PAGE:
I have spent more time in Melbourne than usual lately, so when I came back to Torquay I noticed some developments in the garden. In particular, this week I noticed that some of the later winter-flowering plants have come into bud...

... including the climbing Lorraine Lee rose on the pergola.

The Cecile Brunner, whose 'parent' plant was given to me nearly 50 years ago by Mr Romney, the father of a dear friend. This was grown from a cutting taken from my family's garden.

Ikebana friend, Joan Norbury, gave me this beautiful white Japanese Flowering Quince Chaenomeles japanocia.

Former work colleague, Shirley Meyer, gave me this 'Apple Blossom' variety of Japanese Flowering Quince only a couple of years ago. I was amazed at the colour difference between these flowers on the same stem.

Close up of the rich pink.

Much paler flowers on the same stem.

This flower is on a cutting from my own original red Japanese Flowering Quince.

This fig tree, grown from a cutting taken from my parents' garden, shades our kitchen window from the western sun in summer. It was getting just a little too tall to pick fruit easily. So, recently, I cut the top off, also hoping that this would encourage lateral growth of the upper branches. Time will tell.

The reason for spending time in Melbourne was to curate and set up the annual exhibition of the Victorian Branch of the Sogetsu School of Ikebana. When thinking about my own ikebana to go into the exhibition, I realised that the lines of the fig would make a good subject. As the branch was quite large and spreading, I decided to try fixing it in a large cylinder made by Graeme Wilkie of Qdos Gallery in Lorne. The mechanics of securing the branch were not complex but needed to be very sturdy. I created a 'vertical fixture' from a length of milled timber, that could reach down to the bottom of the vessel, which I attached to the branch with two screws so that it could not rotate. I then added some small stones to give additional ballast to the vase. I was not sure what to put with it, but found some beautiful banksia flowers that had a great colour harmony with the unusual matt olive green glaze of the vase.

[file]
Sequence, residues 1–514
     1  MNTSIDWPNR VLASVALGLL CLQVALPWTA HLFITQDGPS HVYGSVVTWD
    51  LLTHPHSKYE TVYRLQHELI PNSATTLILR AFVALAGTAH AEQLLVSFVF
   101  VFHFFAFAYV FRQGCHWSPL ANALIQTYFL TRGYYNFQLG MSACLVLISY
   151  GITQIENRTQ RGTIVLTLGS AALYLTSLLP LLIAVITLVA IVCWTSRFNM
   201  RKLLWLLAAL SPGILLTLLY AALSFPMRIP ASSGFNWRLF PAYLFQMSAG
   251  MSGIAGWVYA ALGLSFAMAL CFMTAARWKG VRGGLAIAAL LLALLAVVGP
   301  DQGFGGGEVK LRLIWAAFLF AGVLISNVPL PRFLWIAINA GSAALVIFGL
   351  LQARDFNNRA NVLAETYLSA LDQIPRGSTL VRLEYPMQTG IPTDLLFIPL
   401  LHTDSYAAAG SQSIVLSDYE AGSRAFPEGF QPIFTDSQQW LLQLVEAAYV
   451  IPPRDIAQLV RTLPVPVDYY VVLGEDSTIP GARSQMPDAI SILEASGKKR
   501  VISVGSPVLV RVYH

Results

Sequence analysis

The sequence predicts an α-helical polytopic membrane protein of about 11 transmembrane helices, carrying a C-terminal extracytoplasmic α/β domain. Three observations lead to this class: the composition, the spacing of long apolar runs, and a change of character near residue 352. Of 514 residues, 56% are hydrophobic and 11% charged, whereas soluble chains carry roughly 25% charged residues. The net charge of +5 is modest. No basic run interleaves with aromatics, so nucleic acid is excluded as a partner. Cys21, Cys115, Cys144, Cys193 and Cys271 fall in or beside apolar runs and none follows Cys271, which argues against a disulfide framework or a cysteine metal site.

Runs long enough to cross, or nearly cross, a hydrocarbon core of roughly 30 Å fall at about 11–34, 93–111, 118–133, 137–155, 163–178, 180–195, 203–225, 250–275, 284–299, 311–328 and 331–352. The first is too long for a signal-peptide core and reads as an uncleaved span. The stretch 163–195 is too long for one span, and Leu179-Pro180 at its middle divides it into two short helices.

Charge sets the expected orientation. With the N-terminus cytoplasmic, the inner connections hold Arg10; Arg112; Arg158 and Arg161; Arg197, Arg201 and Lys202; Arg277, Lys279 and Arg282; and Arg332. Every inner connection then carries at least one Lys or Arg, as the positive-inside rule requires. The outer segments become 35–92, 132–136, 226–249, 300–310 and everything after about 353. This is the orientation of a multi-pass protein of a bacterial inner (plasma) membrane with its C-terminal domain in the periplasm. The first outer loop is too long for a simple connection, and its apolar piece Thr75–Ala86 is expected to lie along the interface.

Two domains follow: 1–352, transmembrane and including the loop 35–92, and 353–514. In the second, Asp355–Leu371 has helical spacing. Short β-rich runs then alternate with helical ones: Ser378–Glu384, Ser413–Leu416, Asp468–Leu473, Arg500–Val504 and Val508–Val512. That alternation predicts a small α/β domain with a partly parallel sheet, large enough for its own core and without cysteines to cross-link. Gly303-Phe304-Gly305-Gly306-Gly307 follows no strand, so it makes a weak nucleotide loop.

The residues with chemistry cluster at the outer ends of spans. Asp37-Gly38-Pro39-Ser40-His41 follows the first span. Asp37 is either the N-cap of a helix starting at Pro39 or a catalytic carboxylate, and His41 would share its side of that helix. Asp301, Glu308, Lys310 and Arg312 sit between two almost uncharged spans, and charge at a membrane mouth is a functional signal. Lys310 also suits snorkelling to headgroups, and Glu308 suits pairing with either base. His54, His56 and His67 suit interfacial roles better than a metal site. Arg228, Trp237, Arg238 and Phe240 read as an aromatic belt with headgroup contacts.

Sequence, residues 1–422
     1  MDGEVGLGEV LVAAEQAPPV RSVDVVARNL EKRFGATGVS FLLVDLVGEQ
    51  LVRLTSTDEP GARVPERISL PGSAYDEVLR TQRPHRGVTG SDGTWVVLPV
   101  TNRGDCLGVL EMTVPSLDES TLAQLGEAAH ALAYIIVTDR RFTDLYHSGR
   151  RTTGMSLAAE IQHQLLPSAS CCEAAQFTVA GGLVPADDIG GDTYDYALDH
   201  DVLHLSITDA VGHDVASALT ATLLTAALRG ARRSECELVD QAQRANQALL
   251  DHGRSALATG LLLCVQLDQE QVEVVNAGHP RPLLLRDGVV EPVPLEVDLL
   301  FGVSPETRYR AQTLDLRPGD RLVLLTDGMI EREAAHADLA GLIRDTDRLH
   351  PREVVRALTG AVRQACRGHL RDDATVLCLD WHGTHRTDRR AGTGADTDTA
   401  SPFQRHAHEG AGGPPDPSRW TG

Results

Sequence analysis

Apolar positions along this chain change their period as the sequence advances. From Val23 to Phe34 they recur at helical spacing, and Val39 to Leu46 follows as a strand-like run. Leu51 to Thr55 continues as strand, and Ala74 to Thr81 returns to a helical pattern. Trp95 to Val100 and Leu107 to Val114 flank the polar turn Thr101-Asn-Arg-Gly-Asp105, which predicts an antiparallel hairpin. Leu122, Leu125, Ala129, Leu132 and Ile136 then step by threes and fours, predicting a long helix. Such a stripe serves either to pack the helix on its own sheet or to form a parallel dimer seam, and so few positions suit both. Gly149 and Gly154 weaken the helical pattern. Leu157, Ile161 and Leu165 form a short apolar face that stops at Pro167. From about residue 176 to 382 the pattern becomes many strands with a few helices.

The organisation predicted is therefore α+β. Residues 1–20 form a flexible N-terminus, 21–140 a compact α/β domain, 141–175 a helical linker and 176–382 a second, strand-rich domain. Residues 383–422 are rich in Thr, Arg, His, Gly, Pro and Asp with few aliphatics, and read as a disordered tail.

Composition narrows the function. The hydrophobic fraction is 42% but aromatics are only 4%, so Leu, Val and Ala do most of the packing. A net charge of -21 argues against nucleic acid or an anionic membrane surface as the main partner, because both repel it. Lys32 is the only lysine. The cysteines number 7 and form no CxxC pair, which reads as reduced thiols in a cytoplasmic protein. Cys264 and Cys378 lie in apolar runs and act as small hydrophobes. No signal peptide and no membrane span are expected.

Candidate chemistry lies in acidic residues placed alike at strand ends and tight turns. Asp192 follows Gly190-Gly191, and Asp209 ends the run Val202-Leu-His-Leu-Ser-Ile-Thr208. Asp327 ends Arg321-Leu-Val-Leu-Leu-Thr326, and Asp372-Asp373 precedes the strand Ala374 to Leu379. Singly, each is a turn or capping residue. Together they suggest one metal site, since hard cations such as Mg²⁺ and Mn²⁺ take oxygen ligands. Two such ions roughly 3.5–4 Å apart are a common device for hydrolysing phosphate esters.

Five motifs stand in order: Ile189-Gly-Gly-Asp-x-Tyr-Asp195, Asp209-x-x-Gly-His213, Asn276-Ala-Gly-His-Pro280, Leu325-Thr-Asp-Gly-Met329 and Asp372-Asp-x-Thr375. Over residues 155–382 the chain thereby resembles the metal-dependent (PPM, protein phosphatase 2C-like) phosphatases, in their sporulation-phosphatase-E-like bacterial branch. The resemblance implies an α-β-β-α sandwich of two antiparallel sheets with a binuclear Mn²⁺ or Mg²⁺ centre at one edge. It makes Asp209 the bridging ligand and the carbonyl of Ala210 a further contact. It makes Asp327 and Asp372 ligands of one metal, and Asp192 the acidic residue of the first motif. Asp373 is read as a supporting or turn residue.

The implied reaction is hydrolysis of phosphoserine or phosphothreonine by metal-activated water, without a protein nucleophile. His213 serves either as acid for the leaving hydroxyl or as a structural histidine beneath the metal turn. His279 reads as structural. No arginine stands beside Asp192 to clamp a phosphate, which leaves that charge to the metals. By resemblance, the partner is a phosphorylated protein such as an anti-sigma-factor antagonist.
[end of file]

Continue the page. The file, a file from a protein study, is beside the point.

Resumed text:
The ikebana proved very hard to photograph because of the flattening effect of the photograph. I took this photograph from the side to show that the ikebana is more than a metre deep. 

From the front this photo shows the interesting lines of the fig. As a subject for ikebana these bare branches reveal their shape normally covered by large leaves. The small buds at the tips suggest the promise of spring yet to come.

Click here for more photos of the Sogetsu Branch Exhibiton.

Greetings from Christopher
27th July 2019


On Tuesday evening last week I went for a walk along the beach and was delighted to see the full moon rising above a bank of quite dark clouds. The wind was fairly strong and there was rain out to sea which was moving away along the coast.


As the moon rose higher I noticed its reflection in the wet sand and on the surface of the water. 

The moonrise was quite a beautiful sight even as it became partially veiled by cloud. 

Of course, there has been a lot of media attention this past week given to the 50th anniversary of the Apollo 11 moon landing. The forward-looking senior curator at the Geelong Art Gallery has created a fascinating exhibition looking at The Moon as represented in art works from a number of different perspectives. After attending the opening of the exhibition, watching TV programs about the Apollo 11 expedition and seeing the beautiful moon rise, my mind was full of these images and ideas. I thought it was an appropriate opportunity to use a crescent moon-shaped ceramic ikebana vase.

The materials are Acacia baileyana, an over-ripe pomegranate that has split open and a branch of apricot. I think my ikebana looks unexpectedly abundant for a winter arrangement. Such is the joy of our acacias that start to flower at this time. I was particularly pleased that the curve of the branch echoed the profile of the vase.